751 South lawsuit headed for trial | Durham County | Indy Week
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751 South lawsuit headed for trial 

It could be late fall before a court case delaying a controversial housing development near Jordan Lake is settled.

Although attorneys for Durham County and Southern Durham Development had hoped a civil lawsuit related to the 751 South project would be decided last week, Superior Court Judge G. Wayne Abernathy ruled that there are still unanswered questions in the case that may require a trial to resolve.

A trial date for the lawsuit, which was brought against Durham County late last year by residents opposed to the 751 South project, has been set for Nov. 28. There is a chance the case could be expedited, said Assistant Durham County Attorney Bryan Wardell.

Wardell and an attorney for Southern Durham Development had asked Abernathy last month to decide the case through a summary judgment. But in his ruling last week, Abernathy denied the request, citing one unresolved question and another he could not rule on.

Residents of the Chancellor's Ridge neighborhood in south Durham filed the lawsuit after Durham County Commissioners voted to give Southern Durham Development land-use rights to build a large community of homes, offices and stores.

Several residents and the Chancellor's Ridge Homeowners Association oppose the project, which is slated for 167 acres near their properties. The lawsuit takes issue with how the commissioners handled a petition the residents filed to officially protest the proposed development.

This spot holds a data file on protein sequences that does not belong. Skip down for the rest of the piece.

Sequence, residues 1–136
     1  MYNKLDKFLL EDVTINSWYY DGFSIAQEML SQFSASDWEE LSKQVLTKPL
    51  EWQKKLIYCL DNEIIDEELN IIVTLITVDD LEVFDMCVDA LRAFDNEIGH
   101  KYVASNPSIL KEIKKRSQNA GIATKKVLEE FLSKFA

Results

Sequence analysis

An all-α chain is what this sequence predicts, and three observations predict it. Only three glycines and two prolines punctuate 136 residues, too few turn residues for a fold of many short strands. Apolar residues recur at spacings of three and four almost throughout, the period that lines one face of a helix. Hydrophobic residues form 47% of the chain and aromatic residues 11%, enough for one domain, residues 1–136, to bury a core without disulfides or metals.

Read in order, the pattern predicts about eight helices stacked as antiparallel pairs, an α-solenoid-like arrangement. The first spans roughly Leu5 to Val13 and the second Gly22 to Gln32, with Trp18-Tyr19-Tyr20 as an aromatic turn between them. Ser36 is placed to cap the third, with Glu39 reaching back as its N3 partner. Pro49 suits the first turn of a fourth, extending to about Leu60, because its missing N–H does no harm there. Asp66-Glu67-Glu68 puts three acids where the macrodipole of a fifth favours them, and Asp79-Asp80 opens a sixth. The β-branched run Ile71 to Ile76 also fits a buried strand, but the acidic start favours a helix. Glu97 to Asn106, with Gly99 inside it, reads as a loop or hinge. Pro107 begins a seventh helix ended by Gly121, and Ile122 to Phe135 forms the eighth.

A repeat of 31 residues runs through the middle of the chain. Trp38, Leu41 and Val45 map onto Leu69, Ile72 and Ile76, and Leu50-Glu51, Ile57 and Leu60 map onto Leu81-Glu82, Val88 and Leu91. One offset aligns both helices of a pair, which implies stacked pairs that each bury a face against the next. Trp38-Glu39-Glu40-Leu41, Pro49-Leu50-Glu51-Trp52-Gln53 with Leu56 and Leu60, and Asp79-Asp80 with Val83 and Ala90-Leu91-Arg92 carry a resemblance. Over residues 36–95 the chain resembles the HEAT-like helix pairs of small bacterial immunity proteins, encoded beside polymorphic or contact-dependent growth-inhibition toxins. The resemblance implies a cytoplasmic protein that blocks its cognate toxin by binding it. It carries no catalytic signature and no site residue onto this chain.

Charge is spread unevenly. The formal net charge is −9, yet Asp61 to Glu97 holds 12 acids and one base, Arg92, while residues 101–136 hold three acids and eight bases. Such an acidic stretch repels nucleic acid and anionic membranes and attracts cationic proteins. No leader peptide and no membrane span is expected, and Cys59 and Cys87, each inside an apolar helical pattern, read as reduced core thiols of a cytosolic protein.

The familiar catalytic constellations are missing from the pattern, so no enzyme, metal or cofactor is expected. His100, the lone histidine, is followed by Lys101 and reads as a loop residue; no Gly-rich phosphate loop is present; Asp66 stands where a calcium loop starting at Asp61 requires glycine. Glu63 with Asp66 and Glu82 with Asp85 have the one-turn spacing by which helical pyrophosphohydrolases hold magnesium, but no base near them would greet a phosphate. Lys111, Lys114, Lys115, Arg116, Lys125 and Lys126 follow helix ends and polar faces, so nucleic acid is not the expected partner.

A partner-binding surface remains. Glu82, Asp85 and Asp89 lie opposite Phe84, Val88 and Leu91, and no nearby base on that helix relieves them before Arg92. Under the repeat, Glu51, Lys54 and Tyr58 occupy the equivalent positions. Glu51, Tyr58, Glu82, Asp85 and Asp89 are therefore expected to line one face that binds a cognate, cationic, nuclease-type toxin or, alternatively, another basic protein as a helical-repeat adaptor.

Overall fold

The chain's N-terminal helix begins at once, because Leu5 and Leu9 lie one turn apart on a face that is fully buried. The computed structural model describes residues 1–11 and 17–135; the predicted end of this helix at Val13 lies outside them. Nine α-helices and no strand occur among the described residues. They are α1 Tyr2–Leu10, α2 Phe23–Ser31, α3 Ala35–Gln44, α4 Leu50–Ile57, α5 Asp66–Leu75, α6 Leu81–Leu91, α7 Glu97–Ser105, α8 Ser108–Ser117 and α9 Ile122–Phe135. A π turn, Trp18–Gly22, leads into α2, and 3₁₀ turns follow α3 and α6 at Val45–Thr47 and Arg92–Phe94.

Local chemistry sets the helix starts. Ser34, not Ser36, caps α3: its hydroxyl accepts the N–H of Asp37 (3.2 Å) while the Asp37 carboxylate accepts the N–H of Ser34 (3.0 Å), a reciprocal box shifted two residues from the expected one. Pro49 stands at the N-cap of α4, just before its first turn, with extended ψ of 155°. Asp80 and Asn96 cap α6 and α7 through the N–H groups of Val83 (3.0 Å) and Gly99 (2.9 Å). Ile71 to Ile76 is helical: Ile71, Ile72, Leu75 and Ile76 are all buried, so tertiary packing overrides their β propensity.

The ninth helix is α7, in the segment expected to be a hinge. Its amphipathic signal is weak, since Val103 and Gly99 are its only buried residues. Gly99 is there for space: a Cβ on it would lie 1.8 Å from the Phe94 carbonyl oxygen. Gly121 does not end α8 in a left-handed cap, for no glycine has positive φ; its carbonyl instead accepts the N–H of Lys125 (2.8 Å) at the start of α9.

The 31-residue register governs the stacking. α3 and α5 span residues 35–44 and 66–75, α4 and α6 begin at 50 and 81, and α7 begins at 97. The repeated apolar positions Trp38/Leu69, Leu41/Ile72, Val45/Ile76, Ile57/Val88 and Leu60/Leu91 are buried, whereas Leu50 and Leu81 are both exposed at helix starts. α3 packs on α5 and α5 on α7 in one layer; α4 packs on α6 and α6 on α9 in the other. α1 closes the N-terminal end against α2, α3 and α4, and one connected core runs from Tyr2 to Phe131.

Initially, the petition was deemed sufficient to require at least four commissioners to vote yes to give Southern Durham Development permission from the county. But just before the commissioners voted in August, an attorney for the developer used a backdoor maneuver to invalidate the petition on a technicality. As a result, county attorneys said, the 3-to-2-vote was legal.

In their tactic to invalidate the petition, the developers and their attorneys donated rights to a strip of land on the project site to the N.C. Department of Transportation without disclosing that the land transfer would cancel the residents' petition. An employee of the N.C. DOT signed a deed to accept the land, penning his name on behalf of another N.C. DOT employee who is designated by the state agency to sign for such transfers.

The transfer of land rights to the state invalidated the petition. When the N.C. DOT learned of the possible consequences to the petitioners by accepting the land, it immediately filed legal documents to revoke its decision. But a Durham County attorney said at the time that the N.C. DOT's rejection wasn't legally sufficient, and the commissioners went forward with their vote.

Abernathy wrote in his ruling that, based on what attorneys for all parties have presented, he is unsure whether the N.C. DOT employee who signed the deed had the authority to do so. Abernathy also refrained from ruling on a second unresolved question—whether the N.C. DOT took the proper and necessary measures to reject the land once agency officials learned of the issue.

To move forward with construction, Southern Durham Development is waiting for Durham City Council to agree to extend water and sewer service to the site, which is currently outside city limits.

The council will discuss the potential utility extension at a special meeting at 10 a.m. on Thursday, Aug. 18, in the second-floor Committee Room at Durham City Hall. Check the Indy's Triangulator blog on the outcome of that meeting.


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